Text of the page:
The column I wrote two days ago, in which I opined that mission-critical voice over IP not only is a fait accompli but also will render land mobile radio systems obsolete someday, generated quite a bit of reader response. As usual, some agreed with me, some didn’t. (To read all of the responses, click here.)

The primary reasons expressed by the dissenters are what you would expect: VoIP is too unreliable, too insecure and unable to provide the one-to-many and peer-to-peer communications that first responders need. These are valid concerns, particularly the one concerning peer-to-peer, i.e., talk-around communications. When first responders are in danger, they need to be able to communicate with each other even when the agency’s network is unavailable to them. As challenges go, this isn’t a speed bump, but rather a brick wall.

I received an e-mail from a reader, whom I very much respect, who told me that the peer-to-peer piece likely never will be solved because the commercial operators have no desire to make off-network services available to their customers. As a result, 3GPP, the body that is overseeing the standardization of Long-Term Evolution (LTE) — the fourth-generation wireless technology chosen by the commercial and public-safety sectors –has no incentive to work peer-to-peer communications into the equation. This reader doesn’t believe that public safety has a strong-enough voice to change the dynamic.

It’s a legitimate point. However, I think public safety’s voice is plenty strong. Recall that the 3GPP already is working on a multicast solution for LTE that will address the one-to-many voice aspect. This is being done at the behest of public safety. Also, public safety is on the cusp of getting the D Block, something that many also thought would never happen. The fact that legislation exists that would reallocate the coveted airwaves to first responders speaks to the sector’s obvious lobbying muscle. Is it unreasonable then to think that public safety eventually will get 3GPP to add a peer-to-peer component to the LTE standard?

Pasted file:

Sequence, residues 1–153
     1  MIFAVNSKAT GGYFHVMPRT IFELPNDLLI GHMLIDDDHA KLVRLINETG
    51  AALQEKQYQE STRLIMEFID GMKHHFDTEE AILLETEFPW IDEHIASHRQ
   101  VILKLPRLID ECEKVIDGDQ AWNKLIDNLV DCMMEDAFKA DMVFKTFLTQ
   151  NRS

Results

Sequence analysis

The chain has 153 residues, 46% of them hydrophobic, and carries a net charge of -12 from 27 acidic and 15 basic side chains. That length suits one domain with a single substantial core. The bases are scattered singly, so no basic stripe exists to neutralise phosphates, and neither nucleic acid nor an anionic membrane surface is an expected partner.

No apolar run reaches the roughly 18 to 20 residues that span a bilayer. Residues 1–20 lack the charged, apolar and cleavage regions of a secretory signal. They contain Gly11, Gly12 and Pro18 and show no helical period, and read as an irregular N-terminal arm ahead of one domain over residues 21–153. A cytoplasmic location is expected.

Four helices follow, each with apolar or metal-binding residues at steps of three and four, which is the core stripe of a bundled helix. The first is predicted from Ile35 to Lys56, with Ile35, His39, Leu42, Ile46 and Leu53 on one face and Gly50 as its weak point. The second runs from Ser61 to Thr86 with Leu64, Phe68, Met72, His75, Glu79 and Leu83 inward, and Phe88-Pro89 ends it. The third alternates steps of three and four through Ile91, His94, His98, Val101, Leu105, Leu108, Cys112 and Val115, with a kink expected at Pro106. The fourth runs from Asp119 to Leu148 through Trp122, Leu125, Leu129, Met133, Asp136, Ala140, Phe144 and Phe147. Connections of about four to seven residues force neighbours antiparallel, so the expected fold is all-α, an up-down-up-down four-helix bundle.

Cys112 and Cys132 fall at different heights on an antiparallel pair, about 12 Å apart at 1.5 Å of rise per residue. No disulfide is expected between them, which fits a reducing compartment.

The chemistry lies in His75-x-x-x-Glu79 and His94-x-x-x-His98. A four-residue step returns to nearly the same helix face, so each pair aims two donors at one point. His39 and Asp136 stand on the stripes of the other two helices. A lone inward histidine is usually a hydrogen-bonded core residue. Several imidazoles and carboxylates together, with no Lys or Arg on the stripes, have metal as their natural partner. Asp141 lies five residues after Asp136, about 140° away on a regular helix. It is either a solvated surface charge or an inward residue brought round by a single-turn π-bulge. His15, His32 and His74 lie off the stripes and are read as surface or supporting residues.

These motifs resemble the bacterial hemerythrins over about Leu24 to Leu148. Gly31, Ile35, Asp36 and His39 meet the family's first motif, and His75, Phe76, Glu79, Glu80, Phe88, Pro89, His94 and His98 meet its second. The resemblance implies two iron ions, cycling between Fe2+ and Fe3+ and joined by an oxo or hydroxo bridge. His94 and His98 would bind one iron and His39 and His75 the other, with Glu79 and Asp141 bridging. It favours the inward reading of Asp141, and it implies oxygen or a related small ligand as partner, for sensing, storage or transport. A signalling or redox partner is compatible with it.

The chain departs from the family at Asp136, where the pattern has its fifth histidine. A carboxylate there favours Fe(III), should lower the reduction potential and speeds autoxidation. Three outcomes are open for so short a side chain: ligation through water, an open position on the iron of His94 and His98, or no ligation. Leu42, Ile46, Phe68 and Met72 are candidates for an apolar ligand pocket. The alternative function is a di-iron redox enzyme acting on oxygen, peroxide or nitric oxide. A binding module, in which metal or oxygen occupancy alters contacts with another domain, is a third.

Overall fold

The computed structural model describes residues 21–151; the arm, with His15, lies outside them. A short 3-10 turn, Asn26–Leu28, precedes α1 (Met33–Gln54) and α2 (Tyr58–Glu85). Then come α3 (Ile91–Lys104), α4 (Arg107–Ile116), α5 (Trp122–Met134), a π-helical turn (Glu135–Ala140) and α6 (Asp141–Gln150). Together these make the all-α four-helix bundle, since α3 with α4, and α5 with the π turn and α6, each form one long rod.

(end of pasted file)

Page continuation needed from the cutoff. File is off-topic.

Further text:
One concern expressed by several readers is that next-generation networks might not find their way to rural communities. Obviously then, those communities would have no choice but to hang onto their LMR systems. That’s true enough, for the short term. But those legacy systems will have to be replaced someday. When they are, I believe that they will be replaced with IP technology.

But what if I’m wrong? Such a prospect worries me much more than whether mission-critical IP voice ever emerges. Here’s why.

Where I live, there is an expressway dubbed the Elgin-O’Hare, which is a misnomer because the roadway goes to neither Elgin, Ill., nor to O’Hare International Airport. The expressway actually is the middle section of the planned route, which was supposed to connect Chicago’s far-northwest suburbs to the airport and to the labyrinth of expressways that encircle and dissect the city.

As the story goes, the project never was completed because of the argument over O’Hare’s expansion. The suburbs that encircle the airport — entities against the expansion — wanted the Elgin-O’Hare to feed into the airport on one end so as to eat up the land that would be used for the new runways. For obvious reasons, the city wanted the expressway to feed into the other end of the airport. Eventually, the Illinois Department of Transportation tired of waiting and decided to build the middle section, which opened in 1993.

The Elgin-O’Hare is a fine expressway. But it falls far short of its promise. And no one talks anymore about finishing the project as originally envisioned. That’s a shame, as it’s still a complete headache to get to the airport, even with the Elgin-O’Hare.

I fear the same unfortunate fate will befall the proposed 700 MHz broadband network for first responders, which is the genesis of all the debate over mission-critical VoIP. From the beginning, this IP network was conceived as one that would truly be national, i.e., it would include rural sections of the country that so far, for the most part, have yet to realize the advantages of broadband. But I doubt that’s going to happen. The emphasis in the beginning will be on the major cities, which is as it should be. But as time goes on, funding will shrink — it always does — and the footprint for this network will shrink with it. That means many sections of the country will have to do without, and the network will be public safety’s version of the Elgin-O’Hare: good, but not what it could have been.

Maybe LMR will live on after all.

What do you think? Tell us in the comment box below.